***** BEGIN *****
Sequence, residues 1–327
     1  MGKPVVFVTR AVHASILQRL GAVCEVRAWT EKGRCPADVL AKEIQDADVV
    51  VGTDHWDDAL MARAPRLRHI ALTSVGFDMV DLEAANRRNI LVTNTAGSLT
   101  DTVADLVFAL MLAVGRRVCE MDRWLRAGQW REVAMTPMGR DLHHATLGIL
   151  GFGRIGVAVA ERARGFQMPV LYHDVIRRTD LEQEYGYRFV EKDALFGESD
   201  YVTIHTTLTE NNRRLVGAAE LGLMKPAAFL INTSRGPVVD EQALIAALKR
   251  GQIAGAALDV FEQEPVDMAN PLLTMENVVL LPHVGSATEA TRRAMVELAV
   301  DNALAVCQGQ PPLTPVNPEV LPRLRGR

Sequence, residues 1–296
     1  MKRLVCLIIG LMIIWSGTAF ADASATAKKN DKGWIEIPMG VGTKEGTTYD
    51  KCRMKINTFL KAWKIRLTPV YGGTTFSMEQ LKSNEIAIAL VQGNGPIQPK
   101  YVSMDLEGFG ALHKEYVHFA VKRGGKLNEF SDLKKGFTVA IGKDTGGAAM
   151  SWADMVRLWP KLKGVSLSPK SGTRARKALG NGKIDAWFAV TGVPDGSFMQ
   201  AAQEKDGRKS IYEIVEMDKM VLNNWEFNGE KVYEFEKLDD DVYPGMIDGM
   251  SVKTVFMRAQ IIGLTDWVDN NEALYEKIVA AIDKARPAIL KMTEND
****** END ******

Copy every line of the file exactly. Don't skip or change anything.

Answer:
Sequence, residues 1–327
     1  MGKPVVFVTR AVHASILQRL GAVCEVRAWT EKGRCPADVL AKEIQDADVV
    51  VGTDHWDDAL MARAPRLRHI ALTSVGFDMV DLEAANRRNI LVTNTAGSLT
   101  DTVADLVFAL MLAVGRRVCE MDRWLRAGQW REVAMTPMGR DLHHATLGIL
   151  GFGRIGVAVA ERARGFQMPV LYHDVIRRTD LEQEYGYRFV EKDALFGESD
   201  YVTIHTTLTE NNRRLVGAAE LGLMKPAAFL INTSRGPVVD EQALIAALKR
   251  GQIAGAALDV FEQEPVDMAN PLLTMENVVL LPHVGSATEA TRRAMVELAV
   301  DNALAVCQGQ PPLTPVNPEV LPRLRGR

Sequence, residues 1–296
     1  MKRLVCLIIG LMIIWSGTAF ADASATAKKN DKGWIEIPMG VGTKEGTTYD
    51  KCRMKINTFL KAWKIRLTPV YGGTTFSMEQ LKSNEIAIAL VQGNGPIQPK
   101  YVSMDLEGFG ALHKEYVHFA VKRGGKLNEF SDLKKGFTVA IGKDTGGAAM
   151  SWADMVRLWP KLKGVSLSPK SGTRARKALG NGKIDAWFAV TGVPDGSFMQ
   201  AAQEKDGRKS IYEIVEMDKM VLNNWEFNGE KVYEFEKLDD DVYPGMIDGM
   251  SVKTVFMRAQ IIGLTDWVDN NEALYEKIVA AIDKARPAIL KMTEND